When an authoritarian regime approaches its final crisis, as a rule its dissolution follows two steps. Before its collapse, a mysterious rupture takes place. All of a sudden people know that the game is over, and then they are no longer afraid. It is not only that the regime loses its legitimacy, but that its own exercise of power is perceived as an impotent panic reaction. We all know the classic scene from cartoons. The cat reaches a precipice, but continues walking, unaware that there is no ground under its feet. It falls only when it looks down and notices the abyss. When a regime loses its authority, it is like a cat above the precipice: In order to fall, it only has to be reminded to look down.
In Shah of Shahs, a classic account of the Khomeini revolution, Ryszard Kapuscinski located the precise moment of this rupture. At a Tehran crossroad, a single demonstrator refused to budge when a policeman shouted at him to move, and the embarrassed policeman simply withdrew. Within a couple of hours, all of Tehran knew about this incident. Although street fights continued for weeks, everyone knew the Shah was finished. Is something similar going on now?
There are many versions of the recent events in Tehran. Some observers view the protests as the culmination of the pro-Western “reform movement” along the lines of the “orange” revolution in Ukraine–a secular reaction to the Khomeini revolution. They support the protests as the first step toward a new liberal, democratic, secular Iran freed of Muslim fundamentalism.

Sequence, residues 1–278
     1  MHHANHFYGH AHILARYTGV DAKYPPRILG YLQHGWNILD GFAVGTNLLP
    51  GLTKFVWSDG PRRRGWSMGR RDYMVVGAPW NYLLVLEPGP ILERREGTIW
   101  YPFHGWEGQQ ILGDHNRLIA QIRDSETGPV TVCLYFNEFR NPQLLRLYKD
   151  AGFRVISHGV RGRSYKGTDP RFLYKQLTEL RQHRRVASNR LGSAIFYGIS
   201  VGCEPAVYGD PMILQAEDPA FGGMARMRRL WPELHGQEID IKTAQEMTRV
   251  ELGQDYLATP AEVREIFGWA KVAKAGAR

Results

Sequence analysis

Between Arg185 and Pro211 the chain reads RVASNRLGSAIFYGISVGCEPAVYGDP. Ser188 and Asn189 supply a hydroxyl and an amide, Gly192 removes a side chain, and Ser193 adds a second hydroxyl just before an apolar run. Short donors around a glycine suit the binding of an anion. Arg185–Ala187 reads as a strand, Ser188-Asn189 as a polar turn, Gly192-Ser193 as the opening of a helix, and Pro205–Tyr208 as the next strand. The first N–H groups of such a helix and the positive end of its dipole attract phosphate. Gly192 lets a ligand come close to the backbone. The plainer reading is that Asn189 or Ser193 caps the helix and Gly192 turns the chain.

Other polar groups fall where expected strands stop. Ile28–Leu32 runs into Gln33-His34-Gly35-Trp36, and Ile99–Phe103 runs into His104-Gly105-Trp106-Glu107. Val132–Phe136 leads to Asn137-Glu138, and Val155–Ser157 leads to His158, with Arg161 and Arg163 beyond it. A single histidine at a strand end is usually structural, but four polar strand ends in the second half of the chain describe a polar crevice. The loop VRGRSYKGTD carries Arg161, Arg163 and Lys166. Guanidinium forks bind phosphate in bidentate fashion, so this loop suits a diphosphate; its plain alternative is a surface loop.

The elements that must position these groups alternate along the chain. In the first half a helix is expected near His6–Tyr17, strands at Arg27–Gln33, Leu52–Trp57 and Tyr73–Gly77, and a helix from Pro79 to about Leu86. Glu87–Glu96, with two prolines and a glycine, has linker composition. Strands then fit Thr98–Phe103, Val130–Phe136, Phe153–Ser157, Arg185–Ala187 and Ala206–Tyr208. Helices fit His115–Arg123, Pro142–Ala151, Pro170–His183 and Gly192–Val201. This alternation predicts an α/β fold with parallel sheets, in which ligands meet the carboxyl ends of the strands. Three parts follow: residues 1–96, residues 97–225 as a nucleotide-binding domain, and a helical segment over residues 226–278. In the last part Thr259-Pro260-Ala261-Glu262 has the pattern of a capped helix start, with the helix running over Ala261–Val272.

But some skeptics think that Mahmoud Ahmadinejad really won, making him the voice of the majority, while the support of Mir-Hossein Mousavi comes from the middle class (who are the minority) and its gilded youth. In other words, let’s drop the illusions and face the fact that, in Ahmadinejad, Iran has a president it deserves.
Then there are others who dismiss Mousavi as a member of the cleric establishment with merely cosmetic differences from Ahmadinejad. Mousavi wants to continue the atomic energy program, and he is against recognizing Israel. Plus he enjoyed Khomeini’s full support as a prime minister during the 1980s war with Iraq.
[Extract. Appeared in In These Times, on July 13th, 2009. (full text).]